Electric Shock Drowning
Another Safe Pool Obstacle
As the leading cause of unintentional death in children between the ages of 1-4, drowning is of utmost concern. Katchakid is a company founded on helping to keep kids safe by the pool. Thus, a safe pool is incredibly important to Katchakid. There is no room for error when it comes water, especially when electricity is involved. Most are familiar with the dangers that could lead to drowning, but electric shock drowning is something people may not be familiar with.
An electrical current isn’t something that can be seen running through the water, which makes electric shock drowning a hidden threat. It’s important to understand what electric shock drowning is and how it can be prevented as pool season kicks off. However, before diving into shock drowning, it’s worth brushing up on some important pool safety tips.
Basic Steps to a Safe Pool and Peace of Mind
Playing in the water should be fun and maintaining a safe pool does not have to be difficult. Listed below are some important reminders to make sure children are as safe as possible around the pool:
Always supervise children when they are near or in water.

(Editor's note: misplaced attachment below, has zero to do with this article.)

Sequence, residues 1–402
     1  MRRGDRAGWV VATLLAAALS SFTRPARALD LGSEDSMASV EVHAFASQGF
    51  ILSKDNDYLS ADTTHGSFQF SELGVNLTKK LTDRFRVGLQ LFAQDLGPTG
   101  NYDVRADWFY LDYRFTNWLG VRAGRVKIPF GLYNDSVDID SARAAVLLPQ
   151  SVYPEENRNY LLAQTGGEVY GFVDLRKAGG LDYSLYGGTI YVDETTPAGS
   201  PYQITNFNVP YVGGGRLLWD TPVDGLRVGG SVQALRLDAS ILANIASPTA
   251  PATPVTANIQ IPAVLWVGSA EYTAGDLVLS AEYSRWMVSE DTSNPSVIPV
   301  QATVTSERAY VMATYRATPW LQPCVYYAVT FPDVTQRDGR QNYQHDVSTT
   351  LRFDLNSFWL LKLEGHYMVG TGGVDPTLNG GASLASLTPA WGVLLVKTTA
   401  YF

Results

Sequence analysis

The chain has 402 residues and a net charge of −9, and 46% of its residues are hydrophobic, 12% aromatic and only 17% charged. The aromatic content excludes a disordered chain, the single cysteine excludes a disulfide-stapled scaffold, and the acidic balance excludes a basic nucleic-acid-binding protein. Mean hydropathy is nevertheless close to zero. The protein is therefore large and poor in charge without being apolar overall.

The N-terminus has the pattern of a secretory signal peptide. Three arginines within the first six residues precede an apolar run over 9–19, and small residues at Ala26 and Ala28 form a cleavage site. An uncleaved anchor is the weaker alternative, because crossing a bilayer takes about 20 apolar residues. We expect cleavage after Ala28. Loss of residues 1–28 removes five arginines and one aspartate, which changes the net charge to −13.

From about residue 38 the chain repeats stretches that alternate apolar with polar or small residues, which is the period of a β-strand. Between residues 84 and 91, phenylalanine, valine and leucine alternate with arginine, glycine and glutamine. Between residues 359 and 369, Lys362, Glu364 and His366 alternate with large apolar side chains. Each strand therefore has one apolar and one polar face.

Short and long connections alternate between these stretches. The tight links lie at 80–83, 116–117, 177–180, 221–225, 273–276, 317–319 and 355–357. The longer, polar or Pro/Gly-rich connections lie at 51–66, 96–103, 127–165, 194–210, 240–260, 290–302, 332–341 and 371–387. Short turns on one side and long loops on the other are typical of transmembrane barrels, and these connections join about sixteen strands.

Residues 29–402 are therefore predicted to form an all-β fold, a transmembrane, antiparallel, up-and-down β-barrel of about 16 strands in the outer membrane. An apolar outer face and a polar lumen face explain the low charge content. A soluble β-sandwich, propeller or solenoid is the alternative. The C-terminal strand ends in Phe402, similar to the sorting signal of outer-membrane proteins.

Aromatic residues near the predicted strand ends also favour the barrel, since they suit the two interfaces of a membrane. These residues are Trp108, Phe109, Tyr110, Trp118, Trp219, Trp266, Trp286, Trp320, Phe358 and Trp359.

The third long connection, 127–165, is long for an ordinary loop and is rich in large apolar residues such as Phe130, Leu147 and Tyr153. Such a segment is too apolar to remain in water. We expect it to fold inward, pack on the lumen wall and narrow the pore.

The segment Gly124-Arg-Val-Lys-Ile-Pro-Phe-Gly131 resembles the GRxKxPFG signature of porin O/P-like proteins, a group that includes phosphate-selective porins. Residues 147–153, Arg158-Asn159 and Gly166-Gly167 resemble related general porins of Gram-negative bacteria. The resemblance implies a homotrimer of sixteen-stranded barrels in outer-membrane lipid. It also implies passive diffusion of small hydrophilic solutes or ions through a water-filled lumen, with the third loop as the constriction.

Teach children how to swim and about the dangers of unsupervised play in the water.
Caution children to stay away from drains.
Learn CPR in case of emergencies.
Set a designated person to act as lifeguard to watch children if they are playing in or around the pool.
Electric Shock Drowning
A lesser known cause of drowning in water is electric shock drowning. This happens when an electrical current is carried across water and shocks those who enter. The electrical current paralyzes muscles, which causes victims to drown. Oftentimes, the current originates from a dock, a boat, or even a pump or skimmer that has short-circuited. Nevertheless, electric shock drowning can occur in any body of water, including a pool.
Electric shock drowning is preventable, and it is important to recognize precautions as well as potential danger signs. Even if it looks like a safe pool, check all surroundings to be sure. Remember that if someone is in water where an electric current is live, do not reach in to pull them out. Use a rope or an object that cannot transfer electricity.
Preventing Potential Electric Shock
In order to eliminate possible opportunities for electrocution in water, remember these tips:
Do not swim when the weather is bad, especially in the case of a thunderstorm. Do not swim after a thunderstorm either.
Be aware of your surroundings. Notice where electrical switches and circuit breakers are around the water.
Watch out for warning signs like flickering underwater lights that are not working correctly.
Instead of using cord-connected appliances, switch to battery-operated appliances.
Avoid swimming near boat yards and freshwater marinas, as they have a higher potential for electric currents in the water.
Be aware that fresh water is much more dangerous when it comes to electric shock drowning than salt water.
Swimming is a wonderful spring/summer activity, but safety should always be the main priority.